We all know someone who died of COVID, whether we know it right now or not; or at least, someone whose someone died. We’re all somebody in a chain of someones.

Earlier this week I met my someone. She’s a person I don’t see very much, since I currently work in the office only one day a week and from home the rest of the time. She works in my building, and while I don’t often talk to her, when I do it’s in-depth about what’s going on in the world today. (She was a Trump fan, but she felt he really needed to stop the nonsense and get off the stage after the election.)

I hadn’t seen her very much at all since Christmas, but that wasn’t surprising because everything was utterly desolate in our building during the winter anyway. But we ran into each other and I let her know that she’d soon be seeing more of the rest of us because SUNY is (currently) scheduled to bring its employees back after Easter. We chit chatted for a while and then she said, “My mom died of COVID.”

She was having a bad day. In another lifetime I might have been unsettled or not have quite known what to say, but we got to talking about how losing a parent is something that happens to almost literally everyone in the world yet no one ever talks about it. (I personally don’t get why this is so. It’s like Life is a big campaign or personality cult that everyone is supposed to support 150%, and if you talk about Death, or even acknowledge its existence, you’re being disloyal, and the whole four-billion-year project will collapse.)

But not talking about COVID deaths is an especially unfair order. We agreed that there needed to be much more openness about these losses. She told me about how her mom, an extremely active lady, was out and about almost until she had to admit something was very wrong and go to the hospital, where she was diagnosed, was treated and sometime in February died. She was buried somewhere in those stats that the county executive recites every Monday.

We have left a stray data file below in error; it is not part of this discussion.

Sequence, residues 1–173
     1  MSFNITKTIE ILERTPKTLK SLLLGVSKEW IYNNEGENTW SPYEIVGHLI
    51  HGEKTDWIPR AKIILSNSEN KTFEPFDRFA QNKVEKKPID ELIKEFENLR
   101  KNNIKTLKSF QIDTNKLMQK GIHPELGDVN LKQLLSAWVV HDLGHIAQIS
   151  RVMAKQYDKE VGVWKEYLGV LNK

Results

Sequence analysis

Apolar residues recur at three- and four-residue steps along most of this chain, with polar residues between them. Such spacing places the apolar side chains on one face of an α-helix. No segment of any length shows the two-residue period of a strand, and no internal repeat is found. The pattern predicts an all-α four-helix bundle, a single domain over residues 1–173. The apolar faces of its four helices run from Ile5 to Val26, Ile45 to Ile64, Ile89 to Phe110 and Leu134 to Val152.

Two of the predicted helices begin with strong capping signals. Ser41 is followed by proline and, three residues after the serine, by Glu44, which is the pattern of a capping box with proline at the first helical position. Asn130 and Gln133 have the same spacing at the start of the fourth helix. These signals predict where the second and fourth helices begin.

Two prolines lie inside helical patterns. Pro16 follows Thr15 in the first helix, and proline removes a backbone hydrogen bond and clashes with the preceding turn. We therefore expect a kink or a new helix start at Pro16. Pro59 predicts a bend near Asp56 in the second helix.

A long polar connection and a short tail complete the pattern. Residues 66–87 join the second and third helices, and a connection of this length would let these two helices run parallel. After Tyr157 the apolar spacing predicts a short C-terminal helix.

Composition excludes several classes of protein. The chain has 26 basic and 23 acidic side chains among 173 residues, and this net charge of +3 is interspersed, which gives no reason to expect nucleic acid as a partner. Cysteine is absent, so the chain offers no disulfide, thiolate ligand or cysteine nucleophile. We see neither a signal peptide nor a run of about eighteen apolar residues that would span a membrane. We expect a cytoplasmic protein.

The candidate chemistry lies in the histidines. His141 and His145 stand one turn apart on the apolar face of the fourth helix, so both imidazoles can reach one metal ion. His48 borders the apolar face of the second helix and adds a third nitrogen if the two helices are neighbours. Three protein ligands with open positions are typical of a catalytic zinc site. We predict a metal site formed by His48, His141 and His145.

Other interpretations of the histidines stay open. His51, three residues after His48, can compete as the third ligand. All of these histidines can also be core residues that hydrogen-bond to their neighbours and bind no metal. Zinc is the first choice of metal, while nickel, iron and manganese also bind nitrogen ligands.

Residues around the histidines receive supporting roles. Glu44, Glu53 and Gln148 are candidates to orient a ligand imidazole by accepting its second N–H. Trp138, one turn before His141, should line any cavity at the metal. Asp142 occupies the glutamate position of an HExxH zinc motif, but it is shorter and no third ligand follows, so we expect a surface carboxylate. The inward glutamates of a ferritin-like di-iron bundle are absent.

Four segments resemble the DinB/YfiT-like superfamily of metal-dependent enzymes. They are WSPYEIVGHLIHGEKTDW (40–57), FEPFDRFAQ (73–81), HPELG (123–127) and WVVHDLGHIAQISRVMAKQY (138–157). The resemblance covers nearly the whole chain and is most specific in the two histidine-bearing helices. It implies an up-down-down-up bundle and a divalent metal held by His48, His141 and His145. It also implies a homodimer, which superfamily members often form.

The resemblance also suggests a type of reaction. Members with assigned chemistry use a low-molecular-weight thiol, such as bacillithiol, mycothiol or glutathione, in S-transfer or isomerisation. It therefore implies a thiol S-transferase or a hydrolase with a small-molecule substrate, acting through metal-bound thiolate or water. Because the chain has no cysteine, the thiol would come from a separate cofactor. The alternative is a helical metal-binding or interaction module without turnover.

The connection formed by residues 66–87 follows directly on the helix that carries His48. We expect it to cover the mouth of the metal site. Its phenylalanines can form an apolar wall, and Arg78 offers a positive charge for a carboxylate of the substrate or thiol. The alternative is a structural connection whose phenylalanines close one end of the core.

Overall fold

March 16 is the date that has been adopted by the media as the “official” start of the COVID experience in Central New York. Syracuse’s annual end-of-winter debauch (cloaked in St. Patrick’s Day) follows on March 17. What a powerful one-two punch! It makes you wonder if we should keep observing March 16 as a way to keep our already well-established spring festival that much more meaningful.

Certainly, a hundred years ago, our community dropped the ball on memory. Syracuse had one of the worst outcomes nationally during the influenza pandemic, especially during the fall wave of 1918. Then we promptly buried all memory of it for over a century. I think we can safely say that this time around, thanks to a cast of thousands, we did a lot better. That alone is worth commemorating every March 16th. But we also need to do much more to acknowledge the damage done and weaknesses revealed. What should next March 16th look like?

I heard on the news last night that Syracuse is the fifth-most-Irish city in the U.S., something we take for granted, but which is apparently not all that common any more. It seems likely that the association between St. Patrick’s Day in Syracuse and the onset of COVID will continue in our memory for some time, but I’m not sure that’s a bad thing. Maybe our St. Patrick’s Day will become (for a time) something akin to Easter in Dunkirk (see comments).

I’m betting that next year’s celebration will be one hell of a parade. Let’s not leave all of our memories on the sidelines.